“I felt alienated and struggled to stay connected to my Indigenous identity and I wondered if there were other students on campus who felt the same.”

As a Mohegan woman I have spent my life inspired by my ancestors, especially the Native women who have been vital to advocacy and creating change in my tribal community and beyond. Gladys Tantaquidgeon was one of the women whom I look up to every day, -aspiring to be like her and to make her proud. Her work in education, reviving traditions, and advocacy has guided my work today. I went to Quinnipiac University (QU), a small private, predominately white institution (PWI) in Connecticut. Shortly after arriving, it became clear to me that Native students did not have a space on campus for community and support. 

I felt alienated and struggled to stay connected to my Indigenous identity and I wondered if there were other students on campus who felt the same. I decided to create the Indigenous Student Union. I wanted to give current and future Native students a community and support system while also fostering a space to educate our campus, advocate for social issues, and establish relationships with the other multicultural organizations at QU and surrounding schools. The Quinnipiac Indigenous Student Union (ISU) is now a chartered student organization with an executive and general board composed of Native and non-Native students. These students are all united in their interests and passions for education, advocacy, and the celebration of diversity within and between Indigenous populations globally. 

In my time as the founder and president of the organization, we hosted educational events, brought in guest speakers, hosted fundraisers, and were awarded for our dedication to contributing to inclusive excellence on our campus. The Indigenous Student Union was awarded the Quinnipiac University Judith Frank Student Organization of the Year Award and the Multicultural Student Leadership Council’s award for Best Educational Program. I was also awarded the Multicultural Student Leader Award by the Multicultural Student Leadership Council for my work with ISU as well. I have always believed in the power of community and after creating this community at my university, I took upon a leadership role within my own tribal community as well.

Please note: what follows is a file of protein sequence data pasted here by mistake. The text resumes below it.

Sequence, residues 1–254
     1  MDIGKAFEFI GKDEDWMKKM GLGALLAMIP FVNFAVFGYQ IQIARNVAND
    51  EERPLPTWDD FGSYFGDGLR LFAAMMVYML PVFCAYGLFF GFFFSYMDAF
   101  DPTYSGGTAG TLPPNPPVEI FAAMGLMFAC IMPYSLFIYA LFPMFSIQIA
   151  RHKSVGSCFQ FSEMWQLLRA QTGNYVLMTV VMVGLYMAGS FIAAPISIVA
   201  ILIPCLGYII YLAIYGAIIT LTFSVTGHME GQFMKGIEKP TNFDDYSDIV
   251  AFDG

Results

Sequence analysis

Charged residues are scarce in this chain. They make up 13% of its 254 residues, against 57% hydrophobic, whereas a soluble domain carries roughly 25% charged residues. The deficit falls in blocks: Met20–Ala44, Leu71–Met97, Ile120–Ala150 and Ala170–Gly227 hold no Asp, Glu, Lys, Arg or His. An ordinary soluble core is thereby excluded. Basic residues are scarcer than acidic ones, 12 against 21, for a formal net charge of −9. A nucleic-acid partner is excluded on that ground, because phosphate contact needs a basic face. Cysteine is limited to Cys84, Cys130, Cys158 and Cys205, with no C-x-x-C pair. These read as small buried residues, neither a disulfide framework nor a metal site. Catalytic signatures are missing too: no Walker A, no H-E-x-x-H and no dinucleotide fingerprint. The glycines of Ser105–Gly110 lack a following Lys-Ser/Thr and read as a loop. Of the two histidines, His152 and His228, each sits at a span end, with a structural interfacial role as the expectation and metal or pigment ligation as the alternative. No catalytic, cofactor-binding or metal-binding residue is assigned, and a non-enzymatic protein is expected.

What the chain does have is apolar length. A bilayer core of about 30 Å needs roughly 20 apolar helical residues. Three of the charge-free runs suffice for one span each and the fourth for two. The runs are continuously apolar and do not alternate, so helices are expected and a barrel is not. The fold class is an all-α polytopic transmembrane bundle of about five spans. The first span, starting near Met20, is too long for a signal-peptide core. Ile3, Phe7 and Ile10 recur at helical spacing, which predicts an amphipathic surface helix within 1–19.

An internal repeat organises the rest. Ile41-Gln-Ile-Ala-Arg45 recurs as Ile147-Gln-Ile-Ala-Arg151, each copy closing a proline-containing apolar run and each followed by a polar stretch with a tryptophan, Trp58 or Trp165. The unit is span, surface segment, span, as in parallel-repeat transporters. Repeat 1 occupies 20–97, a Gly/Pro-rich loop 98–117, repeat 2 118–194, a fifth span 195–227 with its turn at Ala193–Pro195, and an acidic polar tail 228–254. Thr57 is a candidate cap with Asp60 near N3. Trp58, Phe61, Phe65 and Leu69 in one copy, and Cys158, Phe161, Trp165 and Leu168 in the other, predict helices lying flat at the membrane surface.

I now serve as the Vice Chairwoman for the Mohegan Tribal Youth Council, where I work with other officials and council members to keep our culture alive amongst Mohegan youth. We hope to uplift and involve youth voices in important conversations, increase our understanding of our past tribal history and who we are today, encourage activeness in our tribal community, and support each other. I also became involved in the Center for Native American Youth, serving on the Democracy is Indigenous Youth Council, where I worked alongside other Native youth. Presently, I am preparing for graduate school where I will be attending Columbia University in the fall for a Master of Public Health in Sociomedical Science with a Certificate in Social Determinants of Health. I hope to hone the knowledge and skills necessary to pursue a career in public health where I can give back to underserved Indigenous communities across the nation and beyond. I am passionate about understanding and dismantling the systemic barriers that cause public health related issues in our communities, advocate for the changes in policy and programing necessary for improving community health and bringing attention to overlooked public health crises such as sexual assault, domestic violence, and substance abuse. Being a young Native woman, I have worked to create spaces for community, education, and advocacy and plan to do so as I continue throughout my time on Mother Earth, and while I am inspired by influential Native women of the past and present. I hope to also be a beacon of light and a motivational figure for young Native women of the future.

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